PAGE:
All four sessions: $150.00 – BEST VALUE!
Three sessions: $125.00
Two sessions: $100.00
One session: $50.00
Hope to see you there!! 

Wednesday, March 19, 2014

Terrific Writing Prompt from William Lychack

William Lychack is a fantastic writer, and an extremely generous and kindhearted person -- I had the pleasure of meeting him when I was a student at Purdue and he came to give a reading as part of the Visiting Writers Series. His short story collection The Architect of Flowers is simply marvelous!

I recently came across this writing prompt from William, who now teaches in the creative writing program at the University of Pittsburgh, and I wanted to share it with you because I think it is terrific!

Choose a piece of your writing that you particularly like or need to think about in some way. Rewrite the piece by copying down the opposite of each word in the excerpt (except, perhaps, for "little words" like articles and prepositions). Because most words don't have exact opposites, the possibilities are endless, and that's the point. Your story or poem or letter or postcard probably won't make much sense at first, but continue writing your inversion until you have your own draft. Work quickly on this first draft, letting your unconscious decide the antonyms. Now put the original away and see what you can make of your draft. Look for a sense of place, character, or subject to develop. Cut out what you can't make work. Alter details as much as you wish. 

Isn't that a neat exercise? I am going to try it for myself today! Will you join me?

Friday, January 10, 2014

Great quote

"The most important thing about art is to work. Nothing else matters except sitting down every day and trying."
-Steven Pressfield

What are you going to sit down and try this weekend?

Thursday, January 2, 2014

Make 2014 Your Best Writing Year Yet!

Happy New Year, everyone! I love the brand-new slate a new year brings. A chance to reflect on where we've come and where we want to go.

Here are some of my goals for 2014:

Writing Goals
1. Establish writing routine. 400 words. Every day. No excuses.
2. Revise thesis manuscript and send to agent.
3. Complete memoir manuscript.
4. Complete 200 pgs of new novel.
5. Write a new one-act play.
6. Write a full-length play.
7. Finish Verna novella & put out as an ebook.
8. Write three blog posts a week.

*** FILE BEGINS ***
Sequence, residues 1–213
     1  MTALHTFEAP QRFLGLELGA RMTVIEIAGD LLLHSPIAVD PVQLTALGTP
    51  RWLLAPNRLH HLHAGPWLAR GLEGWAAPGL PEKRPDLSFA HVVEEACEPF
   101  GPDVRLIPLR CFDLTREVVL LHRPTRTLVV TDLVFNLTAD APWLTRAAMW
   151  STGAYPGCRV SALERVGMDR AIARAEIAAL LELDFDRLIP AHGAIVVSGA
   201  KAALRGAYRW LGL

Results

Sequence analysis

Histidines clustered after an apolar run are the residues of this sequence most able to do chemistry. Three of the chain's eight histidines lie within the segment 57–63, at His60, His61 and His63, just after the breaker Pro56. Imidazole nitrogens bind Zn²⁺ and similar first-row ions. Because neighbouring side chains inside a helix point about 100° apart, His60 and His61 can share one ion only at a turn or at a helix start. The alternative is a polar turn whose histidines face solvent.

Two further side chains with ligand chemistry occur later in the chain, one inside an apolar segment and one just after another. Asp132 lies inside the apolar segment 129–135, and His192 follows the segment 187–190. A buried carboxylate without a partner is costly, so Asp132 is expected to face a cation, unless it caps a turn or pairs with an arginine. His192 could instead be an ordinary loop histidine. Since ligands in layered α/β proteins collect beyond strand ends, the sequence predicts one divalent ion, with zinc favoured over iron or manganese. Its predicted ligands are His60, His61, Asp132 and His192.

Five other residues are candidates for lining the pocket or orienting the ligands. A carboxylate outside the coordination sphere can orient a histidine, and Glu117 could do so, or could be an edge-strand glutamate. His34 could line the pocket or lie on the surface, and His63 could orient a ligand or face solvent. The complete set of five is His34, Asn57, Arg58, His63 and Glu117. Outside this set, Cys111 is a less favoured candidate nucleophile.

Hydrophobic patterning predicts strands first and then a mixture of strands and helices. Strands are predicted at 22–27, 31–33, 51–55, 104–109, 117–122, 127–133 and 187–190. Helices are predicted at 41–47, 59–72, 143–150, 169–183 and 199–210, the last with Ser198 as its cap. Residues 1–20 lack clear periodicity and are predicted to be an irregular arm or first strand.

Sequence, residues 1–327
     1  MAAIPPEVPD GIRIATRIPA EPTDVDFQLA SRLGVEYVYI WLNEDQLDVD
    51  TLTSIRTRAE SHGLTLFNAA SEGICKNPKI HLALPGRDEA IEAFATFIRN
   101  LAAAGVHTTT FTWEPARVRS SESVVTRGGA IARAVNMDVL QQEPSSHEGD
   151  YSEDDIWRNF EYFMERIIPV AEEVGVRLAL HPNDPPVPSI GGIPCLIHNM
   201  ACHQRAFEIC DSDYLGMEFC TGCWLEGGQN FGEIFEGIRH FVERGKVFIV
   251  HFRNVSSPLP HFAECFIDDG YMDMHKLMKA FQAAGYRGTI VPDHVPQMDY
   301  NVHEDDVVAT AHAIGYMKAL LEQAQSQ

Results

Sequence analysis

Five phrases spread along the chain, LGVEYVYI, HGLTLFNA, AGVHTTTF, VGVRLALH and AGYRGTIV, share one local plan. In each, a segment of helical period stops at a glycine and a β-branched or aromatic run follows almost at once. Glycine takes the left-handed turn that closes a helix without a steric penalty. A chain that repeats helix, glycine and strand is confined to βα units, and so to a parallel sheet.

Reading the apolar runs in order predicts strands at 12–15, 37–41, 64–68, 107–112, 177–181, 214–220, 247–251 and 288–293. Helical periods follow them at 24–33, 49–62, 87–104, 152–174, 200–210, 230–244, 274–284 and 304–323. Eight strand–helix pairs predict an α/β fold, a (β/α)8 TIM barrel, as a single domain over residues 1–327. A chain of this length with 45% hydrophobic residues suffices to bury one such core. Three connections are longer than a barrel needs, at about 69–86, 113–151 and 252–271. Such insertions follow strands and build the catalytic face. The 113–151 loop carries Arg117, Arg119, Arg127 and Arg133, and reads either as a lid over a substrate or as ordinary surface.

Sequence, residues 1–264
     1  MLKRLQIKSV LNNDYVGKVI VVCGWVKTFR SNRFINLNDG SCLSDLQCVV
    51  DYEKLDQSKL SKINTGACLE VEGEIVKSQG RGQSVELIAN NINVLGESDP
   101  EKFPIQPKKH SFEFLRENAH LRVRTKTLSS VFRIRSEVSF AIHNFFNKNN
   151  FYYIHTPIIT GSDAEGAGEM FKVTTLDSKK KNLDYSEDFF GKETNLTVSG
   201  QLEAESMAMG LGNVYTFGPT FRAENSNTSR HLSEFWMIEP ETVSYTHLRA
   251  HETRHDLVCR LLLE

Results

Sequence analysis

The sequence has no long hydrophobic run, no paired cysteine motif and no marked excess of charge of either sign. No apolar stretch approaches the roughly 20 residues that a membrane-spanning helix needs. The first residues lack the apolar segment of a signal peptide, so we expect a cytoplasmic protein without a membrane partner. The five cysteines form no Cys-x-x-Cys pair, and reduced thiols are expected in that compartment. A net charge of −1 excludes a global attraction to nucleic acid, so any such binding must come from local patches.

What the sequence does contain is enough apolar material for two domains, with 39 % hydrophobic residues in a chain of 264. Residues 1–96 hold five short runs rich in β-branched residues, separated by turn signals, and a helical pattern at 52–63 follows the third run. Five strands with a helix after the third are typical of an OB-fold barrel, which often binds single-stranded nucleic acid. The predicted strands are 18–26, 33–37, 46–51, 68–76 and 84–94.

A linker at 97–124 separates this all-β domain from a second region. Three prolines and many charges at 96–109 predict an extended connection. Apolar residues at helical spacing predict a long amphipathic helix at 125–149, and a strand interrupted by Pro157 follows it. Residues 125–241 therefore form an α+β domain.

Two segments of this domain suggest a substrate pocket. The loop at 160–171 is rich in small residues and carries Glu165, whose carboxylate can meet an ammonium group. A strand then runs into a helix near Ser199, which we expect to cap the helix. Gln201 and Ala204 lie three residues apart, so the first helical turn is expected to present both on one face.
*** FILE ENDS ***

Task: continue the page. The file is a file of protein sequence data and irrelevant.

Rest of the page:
9. Read at least one short story a week.
10. Read at least 40 books.

Write On! For Literacy Goals
1. Send out a newsletter every other month.
2. Become an official nonprofit organization.
3. Teach a summer writing camp.
4. Teach a winter writing camp.
5. Teach a college essay/app seminar.
6. New ebook of work by young writers.
7. Compile Writing Camp ebook/program
8. Hold a Holiday Book Drive.

I'm inspired by this story shared by Glamour Editor-in-Chief Cindi Leive: "When my father-in-law was 58, he volunteered with a group that assists disabled athletes. Fit but no marathoner, he agreed to run the first half of the New York City Marathon tethered to a blind runner who'd flown all the way from Thailand for the race. At mile 13, another volunteer would take over. Except: That other volunteer never showed, and there was my father-in-law, exhausted, with 13 painful miles he'd never trained for ahead of him. 'What did I do?' he recalls now. 'I kept going!' All the way to the finish line -- inspired by the even more heroic efforts of the blind man beside him. I think of that story often, and not just while running. With the right motivation you can almost always go farther, accomplish more, reach higher than you thought."

What motivates you to go farther and reach higher than you thought possible? And how can you stretch that motivation past the sparkling new shine of 2014, into the coming weeks and months?

Here are some habits that work for me, to help keep me motivated:
  • Keep a gratitude journal to remind yourself of all the things going well in your life.
  • Keep a list of all your successes to look over whenever you feel discouraged.
  • Set goals that are based in ACTIONS rather than results. For example, instead of setting a goal to win first place in a writing contest (something you have no control over) set a goal to enter x number of writing contests. Entering contests is an action you can control; the judging process is something you have zero control over.
  • Remind yourself of the "big picture" -- what are the bigger underlying reasons you are going after your goals? For example, maybe you want to write a book this year. Who is the audience you are writing for? How might they be inspired by what you have to say? Imagining a reader picking up your book and being moved by your words can be enough to banish ever the worst case of writers block!  
I'll leave you with this quote, one of my favorites, from Sallie Krawcheck of 85 Broads: "Plant seeds, plant seeds, and don't ask for anything. The seeds will grow." 

What seeds can you plant today?